What Ibadan could learn from Tinapa Africa Business Resort

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tinapa

Last week, I was in Calabar for a client’s assignment following which I decided to visit Tinapa Business Resort. On the way to the resort, the driver told me and my partner that the Tinapa dream is as good as dead. He couldn’t be further from the truth.

We walked through the stores, stalls, malls and halls – all were empty except for few that still have stuffs in stock to sell. The water fountains were turned off and security officers didn’t bother to check the booth of our cars since there is nothing to steal in the city. Without doubt, the Tinapa Business Resort is dead.

On my flight back to Lagos before finally heading to Ibadan, I began to ask myself what went wrong with Tinapa and what Ibadan could learn to ensure that the spate of economic development is sustained.

I found out the major reason the project failed was because it was ideated, planned, championed and completed by the government – a politically elected one for that matter. According to economists, the government has limited roles to play in the economy – at best, it should only create an enabling environment for businesses to thrive and not get involved in building major structures like Tinapa.

“When you are not Dubai,” I told myself while considering the fact that the government of UAE is the one championing most of the major projects in the country which led me to thae second reason – lack of continuity.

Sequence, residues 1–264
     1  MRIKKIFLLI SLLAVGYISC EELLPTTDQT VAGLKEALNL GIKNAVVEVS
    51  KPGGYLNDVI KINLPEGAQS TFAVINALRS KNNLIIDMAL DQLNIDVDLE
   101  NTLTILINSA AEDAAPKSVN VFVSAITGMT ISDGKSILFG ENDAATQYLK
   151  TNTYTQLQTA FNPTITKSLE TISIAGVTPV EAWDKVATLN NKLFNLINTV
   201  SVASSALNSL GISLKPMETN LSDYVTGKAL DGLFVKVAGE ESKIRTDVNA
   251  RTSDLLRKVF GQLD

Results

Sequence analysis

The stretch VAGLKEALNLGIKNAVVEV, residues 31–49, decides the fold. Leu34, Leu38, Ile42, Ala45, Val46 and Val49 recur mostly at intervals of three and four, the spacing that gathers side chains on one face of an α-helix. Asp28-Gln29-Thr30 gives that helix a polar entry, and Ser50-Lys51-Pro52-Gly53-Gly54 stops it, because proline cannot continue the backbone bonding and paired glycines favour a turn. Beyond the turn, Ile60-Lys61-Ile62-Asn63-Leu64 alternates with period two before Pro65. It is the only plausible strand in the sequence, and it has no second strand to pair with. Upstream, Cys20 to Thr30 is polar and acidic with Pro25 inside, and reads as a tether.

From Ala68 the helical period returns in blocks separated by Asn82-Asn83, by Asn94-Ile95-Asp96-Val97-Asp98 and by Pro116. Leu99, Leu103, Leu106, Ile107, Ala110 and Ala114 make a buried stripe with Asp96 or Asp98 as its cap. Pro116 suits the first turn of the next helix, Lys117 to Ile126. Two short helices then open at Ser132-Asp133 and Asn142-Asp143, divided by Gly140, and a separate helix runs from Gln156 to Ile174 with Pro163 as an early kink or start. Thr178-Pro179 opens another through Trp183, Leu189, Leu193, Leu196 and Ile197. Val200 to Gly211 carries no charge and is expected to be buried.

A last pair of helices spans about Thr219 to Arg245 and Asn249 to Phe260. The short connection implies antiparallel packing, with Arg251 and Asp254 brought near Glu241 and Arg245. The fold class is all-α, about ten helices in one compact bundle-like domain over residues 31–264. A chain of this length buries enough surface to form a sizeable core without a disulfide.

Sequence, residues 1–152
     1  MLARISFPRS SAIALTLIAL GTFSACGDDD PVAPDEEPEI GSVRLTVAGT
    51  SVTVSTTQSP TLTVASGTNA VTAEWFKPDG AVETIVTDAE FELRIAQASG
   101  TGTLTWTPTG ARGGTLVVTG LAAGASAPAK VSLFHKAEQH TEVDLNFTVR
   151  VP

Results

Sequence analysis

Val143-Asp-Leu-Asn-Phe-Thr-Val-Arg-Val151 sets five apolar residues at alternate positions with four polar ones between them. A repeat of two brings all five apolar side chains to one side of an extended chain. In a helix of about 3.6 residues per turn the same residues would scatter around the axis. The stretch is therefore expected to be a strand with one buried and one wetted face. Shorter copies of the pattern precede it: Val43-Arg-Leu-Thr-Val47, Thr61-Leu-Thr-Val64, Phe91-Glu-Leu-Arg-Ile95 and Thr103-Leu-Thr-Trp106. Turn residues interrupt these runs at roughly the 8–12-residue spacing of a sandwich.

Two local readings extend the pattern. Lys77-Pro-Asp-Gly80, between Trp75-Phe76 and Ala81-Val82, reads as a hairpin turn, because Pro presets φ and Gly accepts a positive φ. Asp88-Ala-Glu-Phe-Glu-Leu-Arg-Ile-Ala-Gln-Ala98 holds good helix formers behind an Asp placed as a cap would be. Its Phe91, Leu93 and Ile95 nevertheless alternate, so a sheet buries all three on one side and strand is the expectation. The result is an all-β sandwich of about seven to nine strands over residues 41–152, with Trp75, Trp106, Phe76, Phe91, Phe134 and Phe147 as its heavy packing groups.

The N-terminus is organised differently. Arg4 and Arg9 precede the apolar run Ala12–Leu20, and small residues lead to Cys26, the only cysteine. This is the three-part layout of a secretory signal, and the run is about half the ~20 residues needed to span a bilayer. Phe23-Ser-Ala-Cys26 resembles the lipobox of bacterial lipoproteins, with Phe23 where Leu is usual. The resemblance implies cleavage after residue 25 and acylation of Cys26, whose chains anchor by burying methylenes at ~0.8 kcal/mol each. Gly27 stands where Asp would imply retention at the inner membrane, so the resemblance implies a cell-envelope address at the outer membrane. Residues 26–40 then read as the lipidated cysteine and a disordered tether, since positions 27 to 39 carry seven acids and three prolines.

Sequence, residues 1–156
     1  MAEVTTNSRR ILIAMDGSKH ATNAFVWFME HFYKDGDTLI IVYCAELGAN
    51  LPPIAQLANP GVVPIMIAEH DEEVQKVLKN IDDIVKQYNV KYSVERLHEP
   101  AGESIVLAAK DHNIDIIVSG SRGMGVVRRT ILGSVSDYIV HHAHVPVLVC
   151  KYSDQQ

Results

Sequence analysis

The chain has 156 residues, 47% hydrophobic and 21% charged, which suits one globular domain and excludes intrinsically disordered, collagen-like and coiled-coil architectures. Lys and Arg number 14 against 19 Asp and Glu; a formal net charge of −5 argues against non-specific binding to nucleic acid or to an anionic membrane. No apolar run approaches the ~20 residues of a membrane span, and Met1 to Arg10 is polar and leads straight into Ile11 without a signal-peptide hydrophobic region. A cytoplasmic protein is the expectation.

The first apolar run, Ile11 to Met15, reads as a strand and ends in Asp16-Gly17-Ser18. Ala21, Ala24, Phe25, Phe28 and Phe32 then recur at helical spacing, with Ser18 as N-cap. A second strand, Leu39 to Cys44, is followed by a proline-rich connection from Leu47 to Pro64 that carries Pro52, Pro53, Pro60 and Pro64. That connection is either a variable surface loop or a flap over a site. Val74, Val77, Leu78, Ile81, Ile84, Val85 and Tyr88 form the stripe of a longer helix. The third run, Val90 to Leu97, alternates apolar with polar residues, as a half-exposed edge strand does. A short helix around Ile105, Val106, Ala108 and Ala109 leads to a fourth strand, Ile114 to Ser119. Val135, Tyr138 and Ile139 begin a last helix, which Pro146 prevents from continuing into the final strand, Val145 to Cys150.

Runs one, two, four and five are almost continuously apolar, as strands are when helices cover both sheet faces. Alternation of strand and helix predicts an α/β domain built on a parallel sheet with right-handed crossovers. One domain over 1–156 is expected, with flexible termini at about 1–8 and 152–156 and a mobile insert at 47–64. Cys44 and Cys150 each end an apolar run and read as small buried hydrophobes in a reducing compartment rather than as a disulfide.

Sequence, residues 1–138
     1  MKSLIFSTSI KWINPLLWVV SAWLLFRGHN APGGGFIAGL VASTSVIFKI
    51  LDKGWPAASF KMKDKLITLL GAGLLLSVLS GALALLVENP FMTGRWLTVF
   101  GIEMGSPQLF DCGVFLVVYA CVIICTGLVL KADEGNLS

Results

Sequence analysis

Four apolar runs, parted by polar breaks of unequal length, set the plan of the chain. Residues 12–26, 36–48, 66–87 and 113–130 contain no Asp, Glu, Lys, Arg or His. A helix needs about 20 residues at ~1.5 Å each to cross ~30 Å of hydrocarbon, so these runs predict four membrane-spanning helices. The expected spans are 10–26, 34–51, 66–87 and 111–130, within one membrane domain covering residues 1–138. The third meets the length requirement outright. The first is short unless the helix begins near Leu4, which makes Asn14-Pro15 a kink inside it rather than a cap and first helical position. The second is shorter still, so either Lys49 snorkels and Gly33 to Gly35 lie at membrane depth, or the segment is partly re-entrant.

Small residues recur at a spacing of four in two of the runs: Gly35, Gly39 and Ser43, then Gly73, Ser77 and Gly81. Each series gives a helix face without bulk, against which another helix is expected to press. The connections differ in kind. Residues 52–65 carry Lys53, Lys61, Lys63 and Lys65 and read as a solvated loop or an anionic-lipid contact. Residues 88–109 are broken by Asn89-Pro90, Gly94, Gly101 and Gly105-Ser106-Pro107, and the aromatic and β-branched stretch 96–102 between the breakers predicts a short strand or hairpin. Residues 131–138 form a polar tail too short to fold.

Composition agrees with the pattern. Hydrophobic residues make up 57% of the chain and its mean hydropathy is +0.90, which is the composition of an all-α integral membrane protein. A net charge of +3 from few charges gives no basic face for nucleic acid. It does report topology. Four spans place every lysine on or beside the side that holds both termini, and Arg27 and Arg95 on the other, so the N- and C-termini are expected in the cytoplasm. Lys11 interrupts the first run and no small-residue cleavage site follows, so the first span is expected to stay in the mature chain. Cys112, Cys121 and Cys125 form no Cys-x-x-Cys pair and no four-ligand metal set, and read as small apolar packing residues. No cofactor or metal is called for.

This is  a major reason why there are so many abandoned projects across Nigeria, Oyo state and Ibadan. A government may come in and be interested in developing healthcare, the next may be passionate about the economy. When this happens, the former’s projects if uncompleted are abandoned and if completed, they may not be well funded.

So, the best thing that could happen for economic/business projects such as Tinapa is to leave it to the business community since they are more stable and directly involved. The best the government could do is to give them the policy support they need and other kinds of non-engaging support that would not be a form of commitment for subsequent governments.

In Ibadan, the Trans Amusement Park is a perfect example of such. What is the business of the government in running an amusement park? A private enterprise ought to run that. Akala did the right thing but the incumbent decided to cancel the deal… Story for another day.

To a large extent I think the Oyo state government understands this and is limiting its involvement. None of the malls in the state is owned by the state government which is a good thing which means they will still be here long after the governor, and their performance will not be judged by the attitude or interests of the person living in Agodi Government House.

 

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  1. I went there to make myself happy and only succeeded in feeling sad. God help Nigeria. Only God knows the millions of revenue that place could have been generating.

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